Shifting baseline syndrome
As part of a writing project, I have been trawling through my notebooks from the early 1980s, having just completed a similar exercise for the 1970s. It makes sobering reading. Back then, I was still able to go out locally (in northern Surrey and south-west London) and see Turtle Doves, Willow Tits, Lesser Spotted Woodpeckers and Spotted Flycatchers with ease and certainly not need to comment on seeing them as anything other than normal. At Beddington, one July day in 1980, I recorded a flock of 400 House Sparrows, and saw 800 at Dungeness the following October. These are counts that seem incredible now. It is all too easy to think of such figures as remarkable - but, in reality these were massive decreases on what had gone before. Close to my home, on Banstead Downs, 18,000 were counted coming into roost in 1960, with over 10,000 at Dartford Marshes, in Kent, up until 1974. By 1984 the same roost could only boast a maximum of 2,000. It is easy to allow 'shifting baseline syndrome' to creep into our analysis. We remember what we experienced when we began birding, and use these memories as a yardstick on which to measure against. I frequently refer to my copy of Bucknill's 'Birds of Surrey' published in 1900. Infuriatingly, the Victorians didn't count their birds - they looked for nests, shot unfamiliar species and, if a species did appear in abnormal numbers, would only remark that there were 'many'. Oh how I'd love to know just how many birds did populate that era. It would push 'shifting baseline syndrome' onto another level.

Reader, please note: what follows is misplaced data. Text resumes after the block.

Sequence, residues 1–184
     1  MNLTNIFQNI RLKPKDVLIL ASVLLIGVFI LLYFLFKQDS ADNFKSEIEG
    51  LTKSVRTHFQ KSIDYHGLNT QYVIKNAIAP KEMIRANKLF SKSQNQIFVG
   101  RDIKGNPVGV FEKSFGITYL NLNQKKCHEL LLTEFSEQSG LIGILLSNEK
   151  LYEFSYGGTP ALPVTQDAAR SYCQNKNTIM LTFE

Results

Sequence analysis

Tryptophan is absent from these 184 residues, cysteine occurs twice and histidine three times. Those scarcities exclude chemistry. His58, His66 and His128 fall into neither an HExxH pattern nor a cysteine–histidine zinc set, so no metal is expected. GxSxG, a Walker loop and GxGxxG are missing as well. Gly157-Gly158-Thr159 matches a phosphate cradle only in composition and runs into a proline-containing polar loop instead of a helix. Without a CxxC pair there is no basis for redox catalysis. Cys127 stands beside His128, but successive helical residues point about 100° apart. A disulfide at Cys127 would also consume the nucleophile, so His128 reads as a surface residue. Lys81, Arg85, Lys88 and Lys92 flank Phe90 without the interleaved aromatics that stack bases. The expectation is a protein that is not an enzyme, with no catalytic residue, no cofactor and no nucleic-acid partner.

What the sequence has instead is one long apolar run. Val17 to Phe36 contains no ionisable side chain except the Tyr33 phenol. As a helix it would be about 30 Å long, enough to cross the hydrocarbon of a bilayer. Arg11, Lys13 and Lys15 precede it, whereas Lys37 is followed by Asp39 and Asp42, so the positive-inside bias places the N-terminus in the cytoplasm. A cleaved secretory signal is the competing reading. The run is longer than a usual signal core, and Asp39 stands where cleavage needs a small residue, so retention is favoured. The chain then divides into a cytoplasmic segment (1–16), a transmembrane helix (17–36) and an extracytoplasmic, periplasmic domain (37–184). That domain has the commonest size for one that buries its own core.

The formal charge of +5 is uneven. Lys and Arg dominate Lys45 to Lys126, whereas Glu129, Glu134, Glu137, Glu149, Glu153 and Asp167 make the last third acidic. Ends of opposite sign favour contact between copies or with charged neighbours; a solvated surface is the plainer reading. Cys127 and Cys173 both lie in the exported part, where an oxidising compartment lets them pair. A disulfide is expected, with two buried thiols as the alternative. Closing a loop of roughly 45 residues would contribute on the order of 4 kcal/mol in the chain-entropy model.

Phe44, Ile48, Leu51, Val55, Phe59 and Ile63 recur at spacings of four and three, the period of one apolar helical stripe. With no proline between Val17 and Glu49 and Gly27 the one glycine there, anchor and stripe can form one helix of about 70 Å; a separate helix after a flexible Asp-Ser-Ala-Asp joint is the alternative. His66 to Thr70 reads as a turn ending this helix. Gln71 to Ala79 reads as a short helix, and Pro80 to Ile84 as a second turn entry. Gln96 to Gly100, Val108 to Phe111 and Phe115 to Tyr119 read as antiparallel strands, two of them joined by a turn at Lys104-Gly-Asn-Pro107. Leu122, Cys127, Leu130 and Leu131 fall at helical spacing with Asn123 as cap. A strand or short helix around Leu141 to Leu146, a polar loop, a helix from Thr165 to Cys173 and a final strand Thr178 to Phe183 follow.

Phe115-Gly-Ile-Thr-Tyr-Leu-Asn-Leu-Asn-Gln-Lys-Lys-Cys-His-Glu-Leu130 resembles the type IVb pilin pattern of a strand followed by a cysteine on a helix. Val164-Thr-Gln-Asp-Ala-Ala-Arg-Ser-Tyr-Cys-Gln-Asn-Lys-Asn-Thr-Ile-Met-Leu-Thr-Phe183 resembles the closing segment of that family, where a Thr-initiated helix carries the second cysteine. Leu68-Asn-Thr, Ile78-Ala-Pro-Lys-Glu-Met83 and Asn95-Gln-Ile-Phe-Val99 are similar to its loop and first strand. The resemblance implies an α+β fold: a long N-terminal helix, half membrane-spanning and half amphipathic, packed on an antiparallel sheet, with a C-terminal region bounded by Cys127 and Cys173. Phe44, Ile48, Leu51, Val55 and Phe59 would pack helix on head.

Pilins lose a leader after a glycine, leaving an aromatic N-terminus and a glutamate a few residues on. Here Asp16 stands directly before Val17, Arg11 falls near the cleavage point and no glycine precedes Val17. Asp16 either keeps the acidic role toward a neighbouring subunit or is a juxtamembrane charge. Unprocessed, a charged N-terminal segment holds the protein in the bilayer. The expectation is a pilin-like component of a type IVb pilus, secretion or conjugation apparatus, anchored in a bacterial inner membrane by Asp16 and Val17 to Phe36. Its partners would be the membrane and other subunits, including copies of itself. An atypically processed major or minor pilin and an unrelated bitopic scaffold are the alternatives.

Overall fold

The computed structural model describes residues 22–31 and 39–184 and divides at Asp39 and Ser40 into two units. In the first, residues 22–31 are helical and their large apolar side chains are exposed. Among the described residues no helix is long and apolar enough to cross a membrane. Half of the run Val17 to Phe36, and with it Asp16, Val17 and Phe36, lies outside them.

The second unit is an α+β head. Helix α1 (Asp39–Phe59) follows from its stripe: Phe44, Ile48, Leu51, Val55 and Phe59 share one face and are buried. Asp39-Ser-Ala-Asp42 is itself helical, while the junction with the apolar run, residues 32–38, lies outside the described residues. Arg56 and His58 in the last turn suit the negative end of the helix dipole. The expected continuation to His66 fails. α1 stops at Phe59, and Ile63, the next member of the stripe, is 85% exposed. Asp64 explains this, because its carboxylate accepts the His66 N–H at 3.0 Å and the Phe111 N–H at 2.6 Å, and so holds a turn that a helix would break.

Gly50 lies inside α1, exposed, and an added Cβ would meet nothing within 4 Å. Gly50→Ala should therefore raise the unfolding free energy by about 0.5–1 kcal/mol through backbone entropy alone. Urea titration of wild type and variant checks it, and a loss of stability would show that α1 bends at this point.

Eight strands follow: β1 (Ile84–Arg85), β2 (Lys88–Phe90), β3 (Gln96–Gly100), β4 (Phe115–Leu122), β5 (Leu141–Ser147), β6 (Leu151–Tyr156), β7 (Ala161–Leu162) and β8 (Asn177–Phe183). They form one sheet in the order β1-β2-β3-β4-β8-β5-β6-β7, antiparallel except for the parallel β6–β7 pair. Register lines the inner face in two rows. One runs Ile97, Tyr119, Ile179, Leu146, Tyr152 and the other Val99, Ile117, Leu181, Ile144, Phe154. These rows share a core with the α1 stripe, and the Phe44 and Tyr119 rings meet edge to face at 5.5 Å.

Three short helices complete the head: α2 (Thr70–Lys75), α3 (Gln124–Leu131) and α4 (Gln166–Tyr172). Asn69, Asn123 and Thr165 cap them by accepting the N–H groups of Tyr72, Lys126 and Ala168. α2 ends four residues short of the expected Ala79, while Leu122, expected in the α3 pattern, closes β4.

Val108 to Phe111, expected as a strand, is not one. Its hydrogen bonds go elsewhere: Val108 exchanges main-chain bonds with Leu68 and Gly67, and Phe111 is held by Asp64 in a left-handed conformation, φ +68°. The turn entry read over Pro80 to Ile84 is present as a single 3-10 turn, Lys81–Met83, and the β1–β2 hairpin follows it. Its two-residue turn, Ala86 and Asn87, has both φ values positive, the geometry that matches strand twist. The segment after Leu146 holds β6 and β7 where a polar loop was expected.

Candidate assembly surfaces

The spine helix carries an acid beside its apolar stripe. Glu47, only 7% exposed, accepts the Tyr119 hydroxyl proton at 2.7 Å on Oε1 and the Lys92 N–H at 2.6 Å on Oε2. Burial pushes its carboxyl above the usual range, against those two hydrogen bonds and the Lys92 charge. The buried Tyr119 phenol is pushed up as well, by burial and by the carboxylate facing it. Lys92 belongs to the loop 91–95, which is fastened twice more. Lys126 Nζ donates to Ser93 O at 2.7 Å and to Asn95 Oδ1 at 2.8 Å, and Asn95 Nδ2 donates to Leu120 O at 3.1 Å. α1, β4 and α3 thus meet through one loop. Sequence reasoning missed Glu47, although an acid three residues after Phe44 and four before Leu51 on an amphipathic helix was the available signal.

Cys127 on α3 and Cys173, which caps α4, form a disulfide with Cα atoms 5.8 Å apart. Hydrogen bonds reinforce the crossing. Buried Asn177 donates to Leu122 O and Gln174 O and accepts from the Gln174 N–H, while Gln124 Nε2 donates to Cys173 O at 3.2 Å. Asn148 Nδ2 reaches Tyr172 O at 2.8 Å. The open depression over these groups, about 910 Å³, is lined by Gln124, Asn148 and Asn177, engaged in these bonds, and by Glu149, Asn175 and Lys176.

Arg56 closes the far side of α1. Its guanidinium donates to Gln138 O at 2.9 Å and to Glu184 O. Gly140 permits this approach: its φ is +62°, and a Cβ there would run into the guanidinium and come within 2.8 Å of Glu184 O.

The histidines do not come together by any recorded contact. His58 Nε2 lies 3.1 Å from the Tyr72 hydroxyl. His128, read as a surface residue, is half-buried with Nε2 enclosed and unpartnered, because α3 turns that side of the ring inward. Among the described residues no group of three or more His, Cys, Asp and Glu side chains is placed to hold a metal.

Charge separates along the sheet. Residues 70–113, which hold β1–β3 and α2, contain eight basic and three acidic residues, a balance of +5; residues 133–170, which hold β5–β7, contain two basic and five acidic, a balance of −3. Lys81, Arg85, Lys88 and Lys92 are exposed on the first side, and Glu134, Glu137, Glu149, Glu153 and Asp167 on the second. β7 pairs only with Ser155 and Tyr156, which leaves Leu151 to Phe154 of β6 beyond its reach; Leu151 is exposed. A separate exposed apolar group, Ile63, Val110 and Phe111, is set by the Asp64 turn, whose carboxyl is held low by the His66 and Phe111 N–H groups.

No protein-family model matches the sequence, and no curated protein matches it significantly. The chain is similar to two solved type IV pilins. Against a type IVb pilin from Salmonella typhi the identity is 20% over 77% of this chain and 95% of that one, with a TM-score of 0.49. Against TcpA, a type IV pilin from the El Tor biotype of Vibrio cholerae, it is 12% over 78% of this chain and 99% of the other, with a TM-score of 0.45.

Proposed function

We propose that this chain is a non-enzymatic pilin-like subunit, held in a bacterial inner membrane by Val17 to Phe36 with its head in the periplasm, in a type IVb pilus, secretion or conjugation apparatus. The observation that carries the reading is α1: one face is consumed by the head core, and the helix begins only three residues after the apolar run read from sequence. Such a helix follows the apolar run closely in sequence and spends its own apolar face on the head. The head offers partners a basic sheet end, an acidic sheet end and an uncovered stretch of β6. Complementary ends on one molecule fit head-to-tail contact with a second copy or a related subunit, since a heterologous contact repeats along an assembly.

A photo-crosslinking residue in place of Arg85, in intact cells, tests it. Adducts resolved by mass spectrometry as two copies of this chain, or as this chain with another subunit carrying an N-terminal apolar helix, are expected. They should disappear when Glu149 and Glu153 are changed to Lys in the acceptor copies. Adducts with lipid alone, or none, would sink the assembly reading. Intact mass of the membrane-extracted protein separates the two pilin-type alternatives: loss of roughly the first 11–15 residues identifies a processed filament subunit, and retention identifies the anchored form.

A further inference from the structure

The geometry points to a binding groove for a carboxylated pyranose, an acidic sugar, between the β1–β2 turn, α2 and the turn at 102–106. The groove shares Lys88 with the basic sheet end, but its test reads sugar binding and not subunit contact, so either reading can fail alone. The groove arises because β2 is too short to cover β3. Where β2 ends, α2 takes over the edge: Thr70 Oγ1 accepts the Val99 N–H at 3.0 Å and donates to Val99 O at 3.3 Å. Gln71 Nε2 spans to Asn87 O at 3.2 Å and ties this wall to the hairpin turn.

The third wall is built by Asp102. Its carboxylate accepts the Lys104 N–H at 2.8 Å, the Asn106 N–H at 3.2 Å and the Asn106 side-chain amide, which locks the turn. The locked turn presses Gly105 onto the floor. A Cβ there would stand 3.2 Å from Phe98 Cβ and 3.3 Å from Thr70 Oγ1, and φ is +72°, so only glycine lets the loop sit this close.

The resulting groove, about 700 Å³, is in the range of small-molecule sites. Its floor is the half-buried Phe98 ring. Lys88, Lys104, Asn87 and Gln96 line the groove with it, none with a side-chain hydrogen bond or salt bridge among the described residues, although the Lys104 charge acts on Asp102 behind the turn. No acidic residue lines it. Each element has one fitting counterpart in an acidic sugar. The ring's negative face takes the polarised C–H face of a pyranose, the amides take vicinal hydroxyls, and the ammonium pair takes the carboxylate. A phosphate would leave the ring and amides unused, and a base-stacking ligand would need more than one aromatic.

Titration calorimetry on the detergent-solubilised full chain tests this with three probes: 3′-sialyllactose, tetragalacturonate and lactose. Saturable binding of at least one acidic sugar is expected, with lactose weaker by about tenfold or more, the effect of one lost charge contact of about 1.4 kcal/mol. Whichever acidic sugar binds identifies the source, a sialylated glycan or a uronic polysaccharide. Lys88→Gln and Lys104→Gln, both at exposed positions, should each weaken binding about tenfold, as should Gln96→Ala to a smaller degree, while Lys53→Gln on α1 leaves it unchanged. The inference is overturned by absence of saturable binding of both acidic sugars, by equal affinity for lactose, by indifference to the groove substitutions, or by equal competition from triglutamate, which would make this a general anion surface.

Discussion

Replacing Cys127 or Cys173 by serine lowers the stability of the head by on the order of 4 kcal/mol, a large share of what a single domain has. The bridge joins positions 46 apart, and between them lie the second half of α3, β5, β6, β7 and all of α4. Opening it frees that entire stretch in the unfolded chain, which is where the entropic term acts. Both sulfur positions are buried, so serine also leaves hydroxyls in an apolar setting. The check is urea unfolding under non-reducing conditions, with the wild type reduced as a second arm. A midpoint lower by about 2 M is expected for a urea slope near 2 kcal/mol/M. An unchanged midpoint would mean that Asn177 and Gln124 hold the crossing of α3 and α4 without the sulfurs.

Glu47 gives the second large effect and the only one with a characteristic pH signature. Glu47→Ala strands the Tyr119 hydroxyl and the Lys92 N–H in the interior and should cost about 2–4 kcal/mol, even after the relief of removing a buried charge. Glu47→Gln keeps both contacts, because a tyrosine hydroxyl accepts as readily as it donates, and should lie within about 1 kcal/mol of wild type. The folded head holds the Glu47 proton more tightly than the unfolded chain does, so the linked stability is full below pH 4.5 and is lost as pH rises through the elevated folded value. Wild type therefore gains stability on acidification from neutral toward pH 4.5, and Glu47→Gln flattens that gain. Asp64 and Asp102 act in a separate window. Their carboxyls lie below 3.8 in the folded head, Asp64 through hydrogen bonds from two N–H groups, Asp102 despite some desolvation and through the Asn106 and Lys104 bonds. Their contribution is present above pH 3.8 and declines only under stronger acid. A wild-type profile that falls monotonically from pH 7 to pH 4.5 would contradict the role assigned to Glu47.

I did go out looking today, to Canons Farm. No need for any baseline comparisons. It was dire. Pants. In lieu of a bird, here is one of several Speckled Bush-crickets that were resting on the nettles.